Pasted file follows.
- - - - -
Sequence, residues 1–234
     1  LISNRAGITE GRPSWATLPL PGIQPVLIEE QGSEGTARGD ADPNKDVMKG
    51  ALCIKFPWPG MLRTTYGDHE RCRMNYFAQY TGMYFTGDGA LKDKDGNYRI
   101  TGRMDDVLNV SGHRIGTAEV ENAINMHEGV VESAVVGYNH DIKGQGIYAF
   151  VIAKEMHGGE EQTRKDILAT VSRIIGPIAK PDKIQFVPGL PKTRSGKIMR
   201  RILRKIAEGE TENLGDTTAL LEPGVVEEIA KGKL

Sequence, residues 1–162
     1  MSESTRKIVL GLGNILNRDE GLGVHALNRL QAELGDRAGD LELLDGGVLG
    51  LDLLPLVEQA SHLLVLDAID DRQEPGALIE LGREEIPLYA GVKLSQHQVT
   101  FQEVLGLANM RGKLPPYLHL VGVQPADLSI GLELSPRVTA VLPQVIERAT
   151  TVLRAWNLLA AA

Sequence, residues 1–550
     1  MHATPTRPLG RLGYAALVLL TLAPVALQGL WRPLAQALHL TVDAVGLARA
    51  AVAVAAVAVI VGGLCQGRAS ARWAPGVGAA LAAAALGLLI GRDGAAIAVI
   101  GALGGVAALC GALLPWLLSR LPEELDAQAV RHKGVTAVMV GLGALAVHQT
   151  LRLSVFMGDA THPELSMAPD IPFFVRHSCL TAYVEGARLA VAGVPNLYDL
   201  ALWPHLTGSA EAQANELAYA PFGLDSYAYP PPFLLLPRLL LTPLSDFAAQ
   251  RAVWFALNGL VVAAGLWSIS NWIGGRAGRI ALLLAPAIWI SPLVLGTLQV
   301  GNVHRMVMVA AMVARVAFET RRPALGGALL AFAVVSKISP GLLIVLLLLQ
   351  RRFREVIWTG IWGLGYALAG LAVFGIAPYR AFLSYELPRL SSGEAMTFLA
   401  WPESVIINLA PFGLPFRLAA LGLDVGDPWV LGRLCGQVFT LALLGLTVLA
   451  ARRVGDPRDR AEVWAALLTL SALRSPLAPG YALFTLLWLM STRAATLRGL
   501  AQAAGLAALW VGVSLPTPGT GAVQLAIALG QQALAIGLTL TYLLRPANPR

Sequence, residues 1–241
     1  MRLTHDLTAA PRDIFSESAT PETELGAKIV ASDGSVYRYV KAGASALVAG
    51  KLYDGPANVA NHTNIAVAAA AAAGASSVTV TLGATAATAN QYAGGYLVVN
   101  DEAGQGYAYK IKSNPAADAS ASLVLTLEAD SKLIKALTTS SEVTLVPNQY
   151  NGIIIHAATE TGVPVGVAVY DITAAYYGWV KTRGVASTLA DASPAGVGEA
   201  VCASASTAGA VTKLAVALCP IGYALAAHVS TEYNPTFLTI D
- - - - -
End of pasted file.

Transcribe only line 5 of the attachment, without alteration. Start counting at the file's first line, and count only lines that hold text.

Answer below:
   151  VIAKEMHGGE EQTRKDILAT VSRIIGPIAK PDKIQFVPGL PKTRSGKIMR